A commemoration honouring a Wigan soldier who was awarded the Victoria Cross after rescuing a wounded colleague under hail of enemy fire has been unveiled.
Lance Corporal Thomas Woodcock, originally from Scholes was awarded the highest military medal just over 100 years ago after demonstrating extreme bravery in World War One.
To recognise his sacrifice, Wigan Council has improved the access to the commemoration outside Woodock House in Scholes, which was also named after the soldier.
Veronica Ashton, Thomas Woodcock’s grandaughter, welcomed the improved commemoration after she visited the site today.
A new flagstone with a standing platform, complete with re-planted poppy seeds now sits outside the high-rise near to the glass mosaic sculpture already in situ, which was created in his name by school children at St. Patrick’s Catholic Primary in 2017. Lighting will be installed next week.
The work comes following feedback that the existing flagstone, which can be found on Woodcock Walk (a footpath accessible via steps) cannot be easily accessed by those with mobility issues.
As a result, the council agreed to install paving and a further plaque outside the high-rise and will keep a book of remembrance at Wigan Life Centre for visitors and residents to sign in Lance Corporal Woodcock’s honour.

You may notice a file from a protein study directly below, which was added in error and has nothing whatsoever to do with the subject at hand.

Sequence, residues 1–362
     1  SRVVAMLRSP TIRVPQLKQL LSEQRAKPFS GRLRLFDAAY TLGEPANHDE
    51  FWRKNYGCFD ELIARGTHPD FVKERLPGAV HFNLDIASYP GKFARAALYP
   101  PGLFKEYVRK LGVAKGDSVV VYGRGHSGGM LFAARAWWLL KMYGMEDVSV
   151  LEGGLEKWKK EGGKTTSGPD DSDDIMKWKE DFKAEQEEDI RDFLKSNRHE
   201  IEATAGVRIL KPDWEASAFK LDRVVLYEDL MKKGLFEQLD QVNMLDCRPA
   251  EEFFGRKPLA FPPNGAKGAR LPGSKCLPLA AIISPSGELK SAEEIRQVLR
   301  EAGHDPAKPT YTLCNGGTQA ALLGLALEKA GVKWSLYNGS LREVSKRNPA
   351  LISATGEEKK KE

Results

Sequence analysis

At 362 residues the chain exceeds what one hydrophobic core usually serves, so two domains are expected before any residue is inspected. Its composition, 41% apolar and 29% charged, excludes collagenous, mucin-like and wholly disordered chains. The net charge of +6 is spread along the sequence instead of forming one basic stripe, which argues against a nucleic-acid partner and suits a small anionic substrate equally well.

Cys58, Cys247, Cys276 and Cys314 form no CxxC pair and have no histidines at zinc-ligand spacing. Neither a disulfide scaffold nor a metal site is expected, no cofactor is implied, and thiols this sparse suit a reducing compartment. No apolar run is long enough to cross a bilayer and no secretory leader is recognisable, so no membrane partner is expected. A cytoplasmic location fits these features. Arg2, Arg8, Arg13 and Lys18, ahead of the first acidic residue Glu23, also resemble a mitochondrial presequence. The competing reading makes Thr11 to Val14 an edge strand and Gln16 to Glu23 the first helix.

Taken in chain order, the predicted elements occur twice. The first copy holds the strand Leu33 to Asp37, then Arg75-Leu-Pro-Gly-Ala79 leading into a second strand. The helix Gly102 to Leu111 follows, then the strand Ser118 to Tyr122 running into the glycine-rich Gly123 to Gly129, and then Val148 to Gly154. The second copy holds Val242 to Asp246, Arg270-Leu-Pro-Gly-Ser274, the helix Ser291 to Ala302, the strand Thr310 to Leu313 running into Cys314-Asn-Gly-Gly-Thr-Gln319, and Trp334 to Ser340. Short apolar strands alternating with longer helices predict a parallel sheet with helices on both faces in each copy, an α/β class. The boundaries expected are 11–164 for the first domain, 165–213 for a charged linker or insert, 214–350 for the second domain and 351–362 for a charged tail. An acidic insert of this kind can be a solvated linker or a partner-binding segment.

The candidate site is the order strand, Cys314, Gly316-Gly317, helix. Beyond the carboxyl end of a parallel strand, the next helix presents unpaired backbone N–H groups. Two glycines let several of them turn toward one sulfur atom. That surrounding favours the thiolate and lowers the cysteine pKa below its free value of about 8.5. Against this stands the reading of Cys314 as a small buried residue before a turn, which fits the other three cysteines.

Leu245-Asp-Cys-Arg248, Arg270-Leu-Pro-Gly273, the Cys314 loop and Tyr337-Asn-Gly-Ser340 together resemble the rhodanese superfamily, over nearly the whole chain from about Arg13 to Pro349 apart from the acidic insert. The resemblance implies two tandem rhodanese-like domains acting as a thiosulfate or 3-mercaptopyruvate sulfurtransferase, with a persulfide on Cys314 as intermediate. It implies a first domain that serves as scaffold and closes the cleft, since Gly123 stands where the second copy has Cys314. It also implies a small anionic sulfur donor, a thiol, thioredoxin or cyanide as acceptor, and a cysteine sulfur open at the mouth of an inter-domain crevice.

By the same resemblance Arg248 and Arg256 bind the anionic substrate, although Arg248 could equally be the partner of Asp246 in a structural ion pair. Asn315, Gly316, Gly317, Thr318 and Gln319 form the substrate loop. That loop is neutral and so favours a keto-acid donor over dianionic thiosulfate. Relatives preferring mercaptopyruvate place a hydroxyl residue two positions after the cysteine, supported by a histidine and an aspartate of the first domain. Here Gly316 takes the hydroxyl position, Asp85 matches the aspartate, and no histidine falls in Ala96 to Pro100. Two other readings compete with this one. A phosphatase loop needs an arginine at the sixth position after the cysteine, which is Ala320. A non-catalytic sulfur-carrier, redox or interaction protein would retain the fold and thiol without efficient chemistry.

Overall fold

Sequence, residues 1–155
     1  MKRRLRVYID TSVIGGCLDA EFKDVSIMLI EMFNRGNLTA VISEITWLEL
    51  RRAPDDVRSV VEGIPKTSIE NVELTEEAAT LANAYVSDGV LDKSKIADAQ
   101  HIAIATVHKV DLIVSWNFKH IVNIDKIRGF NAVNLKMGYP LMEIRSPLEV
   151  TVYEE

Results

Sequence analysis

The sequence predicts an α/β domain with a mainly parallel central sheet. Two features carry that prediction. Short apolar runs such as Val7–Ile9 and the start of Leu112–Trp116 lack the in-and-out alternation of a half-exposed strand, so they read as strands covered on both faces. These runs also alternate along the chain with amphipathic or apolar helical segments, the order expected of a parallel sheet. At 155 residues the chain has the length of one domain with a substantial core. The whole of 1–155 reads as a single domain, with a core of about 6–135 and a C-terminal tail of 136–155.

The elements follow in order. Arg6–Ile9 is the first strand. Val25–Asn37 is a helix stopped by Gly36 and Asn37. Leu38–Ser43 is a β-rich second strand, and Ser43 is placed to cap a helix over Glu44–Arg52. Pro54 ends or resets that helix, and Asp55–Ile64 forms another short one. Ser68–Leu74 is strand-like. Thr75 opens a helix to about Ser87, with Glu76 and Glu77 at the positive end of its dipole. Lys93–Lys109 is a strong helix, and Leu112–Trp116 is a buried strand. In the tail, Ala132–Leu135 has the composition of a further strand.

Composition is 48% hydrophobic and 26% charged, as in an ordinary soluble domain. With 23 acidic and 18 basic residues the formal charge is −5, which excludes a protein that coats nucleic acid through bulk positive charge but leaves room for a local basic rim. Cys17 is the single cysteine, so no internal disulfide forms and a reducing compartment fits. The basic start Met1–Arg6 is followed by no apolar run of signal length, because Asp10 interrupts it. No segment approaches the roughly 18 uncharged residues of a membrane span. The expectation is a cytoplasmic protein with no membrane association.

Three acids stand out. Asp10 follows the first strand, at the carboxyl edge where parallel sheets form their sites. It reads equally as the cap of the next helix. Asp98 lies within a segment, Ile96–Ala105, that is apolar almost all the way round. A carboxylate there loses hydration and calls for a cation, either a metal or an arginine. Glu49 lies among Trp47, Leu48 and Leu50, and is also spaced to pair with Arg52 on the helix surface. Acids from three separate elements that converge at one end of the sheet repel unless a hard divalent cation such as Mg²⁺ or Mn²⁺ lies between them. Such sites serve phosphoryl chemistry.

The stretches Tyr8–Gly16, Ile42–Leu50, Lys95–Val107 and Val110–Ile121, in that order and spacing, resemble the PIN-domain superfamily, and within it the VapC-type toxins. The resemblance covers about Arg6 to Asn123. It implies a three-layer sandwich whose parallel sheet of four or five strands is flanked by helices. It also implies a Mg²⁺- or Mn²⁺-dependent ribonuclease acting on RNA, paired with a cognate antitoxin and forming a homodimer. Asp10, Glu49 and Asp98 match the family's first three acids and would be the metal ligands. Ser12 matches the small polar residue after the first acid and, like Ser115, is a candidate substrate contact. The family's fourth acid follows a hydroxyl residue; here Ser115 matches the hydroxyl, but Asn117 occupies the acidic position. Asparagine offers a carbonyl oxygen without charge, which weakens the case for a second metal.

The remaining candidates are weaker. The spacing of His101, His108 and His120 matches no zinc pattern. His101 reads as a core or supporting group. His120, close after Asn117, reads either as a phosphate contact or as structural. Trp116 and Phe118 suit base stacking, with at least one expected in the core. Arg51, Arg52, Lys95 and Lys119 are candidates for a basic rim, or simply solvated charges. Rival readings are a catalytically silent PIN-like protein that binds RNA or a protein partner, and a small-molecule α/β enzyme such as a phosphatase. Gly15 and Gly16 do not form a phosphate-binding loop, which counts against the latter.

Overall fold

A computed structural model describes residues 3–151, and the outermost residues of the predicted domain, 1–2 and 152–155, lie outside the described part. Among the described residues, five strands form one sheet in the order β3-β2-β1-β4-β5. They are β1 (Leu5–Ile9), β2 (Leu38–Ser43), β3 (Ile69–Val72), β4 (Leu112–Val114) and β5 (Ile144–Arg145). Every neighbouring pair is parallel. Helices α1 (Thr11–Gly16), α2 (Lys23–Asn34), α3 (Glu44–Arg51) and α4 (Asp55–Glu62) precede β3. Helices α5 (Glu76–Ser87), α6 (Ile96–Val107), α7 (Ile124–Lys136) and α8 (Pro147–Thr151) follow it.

Mark Tilley, assistant director for infrastructure at Wigan Council said: “Remembering the courage and bravery of the fallen and ensuring that everybody has access to commemorative sites is extremely important.
“The exceptional gallantry of Thomas Woodcock is one that deserves significant recognition and we welcomed the idea to make improvements to the existing mural.”
Terry Atherton, originally from Wigan but now residing in Canada, has been heavily involved in the decision to improve and add to the commemoration outside Woodcock House.
He said: “It’s really important that people who struggle with mobility still have the opportunity to see commemorations like this.
“I think it’s great that the council honoured Thomas Woodcock VC but I thought that accessibility could be improved.
“The council have been receptive to my ideas and they have made the changes quite quickly, the result is fantastic.”
As part of the World War One centenary commemorations between 2014 and 2018, Wigan Council pledged to name streets after soldiers from Wigan Borough who were awarded the prestigious Victoria Cross.
In 2018, 100 years after Lance Corporal Woodcock was awarded the medal, the local authority held a ceremony on the footpath in front of 166-174 Hardybutts where Woodcock Walk and the commemorative flagstone were officially unveiled by his family.
Mr Tilley continued: “There were four soldiers in World War One and one soldier in World War Two in Wigan Borough who have been awarded the Victoria Cross. Naming streets after them is a great way for their legacy to live on for years to come.”
Wigan Council’s commitment to the armed forces community was recently acknowledged with a Silver ‘Employer Recognition’ award from the Ministry of Defence.